Please make it a point to use a secure password on all of your internet connected devices.  Change it today!

Chris Eddy of Geek For Hire, Inc. has been providing computer service to families and small businesses with Mac’s and PC’s for the past fourteen years. His company is highly rated by both the BBB (Better Business Bureau) and by Angie’s List. You can find more on our website.  Geek For Hire, Inc. provides onsite service (Tier 3) to the Denver / Boulder / Front Range area and remote service throughout North America.

We’ve been using Amazon Prime for the past few years.  We like the free 2-3 day shipping and the online streaming. I haven’t tried the Kindle lending library yet, but I’m tempted!   Prime is normally $99/year, but you can try it for 30 day for free by clicking on this link: Try Amazon Prime 30-Day Free Trial (Yes, we’ll get a small commission when you sign up.)

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Speech to Text Punctuation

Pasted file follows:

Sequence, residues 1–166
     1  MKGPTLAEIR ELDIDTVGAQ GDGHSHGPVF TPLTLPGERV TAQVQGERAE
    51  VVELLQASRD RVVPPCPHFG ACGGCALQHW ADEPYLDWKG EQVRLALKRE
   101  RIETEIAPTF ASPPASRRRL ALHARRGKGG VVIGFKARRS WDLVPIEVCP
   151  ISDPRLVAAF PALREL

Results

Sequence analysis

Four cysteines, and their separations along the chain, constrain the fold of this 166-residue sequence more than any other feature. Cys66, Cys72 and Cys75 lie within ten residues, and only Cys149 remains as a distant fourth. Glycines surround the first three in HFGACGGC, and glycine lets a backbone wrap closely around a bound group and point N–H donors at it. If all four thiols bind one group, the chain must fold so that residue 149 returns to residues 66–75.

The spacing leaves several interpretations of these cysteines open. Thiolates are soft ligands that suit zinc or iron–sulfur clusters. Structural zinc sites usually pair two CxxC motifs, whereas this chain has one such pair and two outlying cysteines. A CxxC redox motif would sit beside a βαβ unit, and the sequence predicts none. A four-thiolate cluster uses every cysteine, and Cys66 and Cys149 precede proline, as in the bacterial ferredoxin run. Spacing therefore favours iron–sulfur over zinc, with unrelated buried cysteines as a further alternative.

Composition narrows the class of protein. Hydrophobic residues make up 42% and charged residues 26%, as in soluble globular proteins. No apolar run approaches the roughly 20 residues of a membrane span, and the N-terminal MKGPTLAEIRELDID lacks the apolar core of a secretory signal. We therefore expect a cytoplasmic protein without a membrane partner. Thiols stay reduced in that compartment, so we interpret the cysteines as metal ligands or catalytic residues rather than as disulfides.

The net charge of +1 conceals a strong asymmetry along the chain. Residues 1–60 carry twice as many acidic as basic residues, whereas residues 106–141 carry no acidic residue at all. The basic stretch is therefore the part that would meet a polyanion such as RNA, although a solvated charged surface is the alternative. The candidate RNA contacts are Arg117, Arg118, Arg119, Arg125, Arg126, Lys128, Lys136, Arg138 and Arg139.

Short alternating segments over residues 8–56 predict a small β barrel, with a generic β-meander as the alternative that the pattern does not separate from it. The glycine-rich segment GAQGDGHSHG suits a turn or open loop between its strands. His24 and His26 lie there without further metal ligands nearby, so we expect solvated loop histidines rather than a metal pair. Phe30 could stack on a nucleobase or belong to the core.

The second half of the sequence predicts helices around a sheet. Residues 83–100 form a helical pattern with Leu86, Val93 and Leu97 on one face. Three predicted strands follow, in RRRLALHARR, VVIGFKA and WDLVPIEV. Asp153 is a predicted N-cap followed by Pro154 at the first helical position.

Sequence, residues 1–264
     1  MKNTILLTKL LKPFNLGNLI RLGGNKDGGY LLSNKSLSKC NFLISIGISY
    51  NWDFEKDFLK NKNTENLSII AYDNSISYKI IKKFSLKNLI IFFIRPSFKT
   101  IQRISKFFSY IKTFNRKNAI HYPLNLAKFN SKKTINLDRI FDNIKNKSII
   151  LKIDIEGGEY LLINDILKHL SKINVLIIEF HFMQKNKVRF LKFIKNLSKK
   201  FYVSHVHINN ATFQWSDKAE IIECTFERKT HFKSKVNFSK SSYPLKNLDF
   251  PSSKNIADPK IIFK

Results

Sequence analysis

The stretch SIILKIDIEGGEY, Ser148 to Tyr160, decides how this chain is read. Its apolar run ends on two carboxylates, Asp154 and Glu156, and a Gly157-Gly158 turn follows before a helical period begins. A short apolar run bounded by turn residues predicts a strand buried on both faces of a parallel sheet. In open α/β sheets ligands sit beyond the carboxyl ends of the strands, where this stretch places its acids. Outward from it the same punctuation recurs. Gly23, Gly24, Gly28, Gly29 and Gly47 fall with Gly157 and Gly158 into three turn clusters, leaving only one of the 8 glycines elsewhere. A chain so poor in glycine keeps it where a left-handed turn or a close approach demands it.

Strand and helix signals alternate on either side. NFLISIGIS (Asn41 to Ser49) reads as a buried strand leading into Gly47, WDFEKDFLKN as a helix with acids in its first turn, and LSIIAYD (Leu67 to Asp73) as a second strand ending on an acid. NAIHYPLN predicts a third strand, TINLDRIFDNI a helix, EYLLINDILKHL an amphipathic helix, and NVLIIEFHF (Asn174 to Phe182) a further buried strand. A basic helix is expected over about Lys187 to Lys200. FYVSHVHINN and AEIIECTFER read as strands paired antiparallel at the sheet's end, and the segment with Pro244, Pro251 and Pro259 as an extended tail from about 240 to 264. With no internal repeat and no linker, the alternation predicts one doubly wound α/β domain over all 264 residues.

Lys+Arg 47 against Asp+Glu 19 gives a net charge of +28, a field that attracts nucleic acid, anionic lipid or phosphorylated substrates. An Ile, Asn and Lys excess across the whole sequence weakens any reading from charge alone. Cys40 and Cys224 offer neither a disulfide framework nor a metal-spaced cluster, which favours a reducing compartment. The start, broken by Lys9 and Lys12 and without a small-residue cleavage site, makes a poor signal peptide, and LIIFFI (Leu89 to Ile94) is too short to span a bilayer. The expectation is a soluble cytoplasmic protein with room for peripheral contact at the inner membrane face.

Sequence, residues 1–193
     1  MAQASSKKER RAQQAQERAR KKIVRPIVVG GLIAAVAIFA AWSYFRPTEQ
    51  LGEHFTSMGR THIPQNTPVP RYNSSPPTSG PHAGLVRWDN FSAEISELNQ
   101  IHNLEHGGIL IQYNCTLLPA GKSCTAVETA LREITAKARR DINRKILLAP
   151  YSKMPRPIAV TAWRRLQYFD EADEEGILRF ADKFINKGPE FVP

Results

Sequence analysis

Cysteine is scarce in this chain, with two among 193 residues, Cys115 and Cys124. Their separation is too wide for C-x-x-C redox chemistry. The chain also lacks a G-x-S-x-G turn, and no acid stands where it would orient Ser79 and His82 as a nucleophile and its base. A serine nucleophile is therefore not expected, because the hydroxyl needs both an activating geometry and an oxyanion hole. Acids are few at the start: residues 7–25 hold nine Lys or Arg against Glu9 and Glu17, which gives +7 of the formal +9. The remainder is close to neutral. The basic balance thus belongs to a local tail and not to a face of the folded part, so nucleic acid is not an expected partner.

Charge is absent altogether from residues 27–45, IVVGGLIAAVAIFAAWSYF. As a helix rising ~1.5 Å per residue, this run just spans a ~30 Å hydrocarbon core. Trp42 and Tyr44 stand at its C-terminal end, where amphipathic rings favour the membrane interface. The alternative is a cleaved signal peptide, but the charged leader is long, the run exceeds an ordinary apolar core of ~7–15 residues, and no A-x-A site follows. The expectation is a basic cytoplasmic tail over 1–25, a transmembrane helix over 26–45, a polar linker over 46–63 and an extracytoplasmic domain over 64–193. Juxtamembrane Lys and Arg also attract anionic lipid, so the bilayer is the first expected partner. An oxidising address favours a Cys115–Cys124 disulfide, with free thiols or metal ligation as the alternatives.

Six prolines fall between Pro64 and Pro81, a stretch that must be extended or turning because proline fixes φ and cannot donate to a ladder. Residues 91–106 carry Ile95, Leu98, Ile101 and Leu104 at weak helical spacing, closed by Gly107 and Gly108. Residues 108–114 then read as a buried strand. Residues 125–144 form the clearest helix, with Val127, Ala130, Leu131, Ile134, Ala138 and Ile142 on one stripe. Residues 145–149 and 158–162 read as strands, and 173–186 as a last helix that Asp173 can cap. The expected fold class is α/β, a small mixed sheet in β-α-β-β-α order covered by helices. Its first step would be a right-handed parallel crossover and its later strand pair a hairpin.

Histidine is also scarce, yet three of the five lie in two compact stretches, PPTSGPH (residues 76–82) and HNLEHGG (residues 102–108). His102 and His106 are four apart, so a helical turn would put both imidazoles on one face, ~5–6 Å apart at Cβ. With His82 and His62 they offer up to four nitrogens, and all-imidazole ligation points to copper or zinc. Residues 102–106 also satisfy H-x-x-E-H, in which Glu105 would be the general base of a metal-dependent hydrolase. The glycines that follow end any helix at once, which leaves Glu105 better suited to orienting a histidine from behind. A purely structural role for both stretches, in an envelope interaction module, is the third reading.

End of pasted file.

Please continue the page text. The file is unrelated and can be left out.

I’ve been using my phone’s speech to text feature more and more.  I use the feature to compose emails, send text messages, and search on my phone’s internet browser.  I have experienced some frustration that the phone doesn’t always do what I tell it to do.  I’ve modified my instructions somewhat so that more and more often, the text result ends up looking more like what I intend for it to look!

For example, when I want to begin a new paragraph, “Return” and “next line” don’t work, but “New Line” does, and so does “Next Paragraph”.  Note that “Next Line” will give you one standard return, but “Next Paragraph” will give you two lines in between the paragraphs.

Other symbols include:

  • ? – “Question mark”
  • . – “Period”
  • ( – “Open Parentheses”
  • ) – “Close Parentheses”
  • @ – “At symbol” doesn’t work but “at sign” does.
  • * –  The asterisk is really tricky.  Even with perfect diction, it gets confused.  I’ve found it’s easier to edit that after I’m done speaking.
  • + – “Plus Sign”
  • – – “Minus Sign”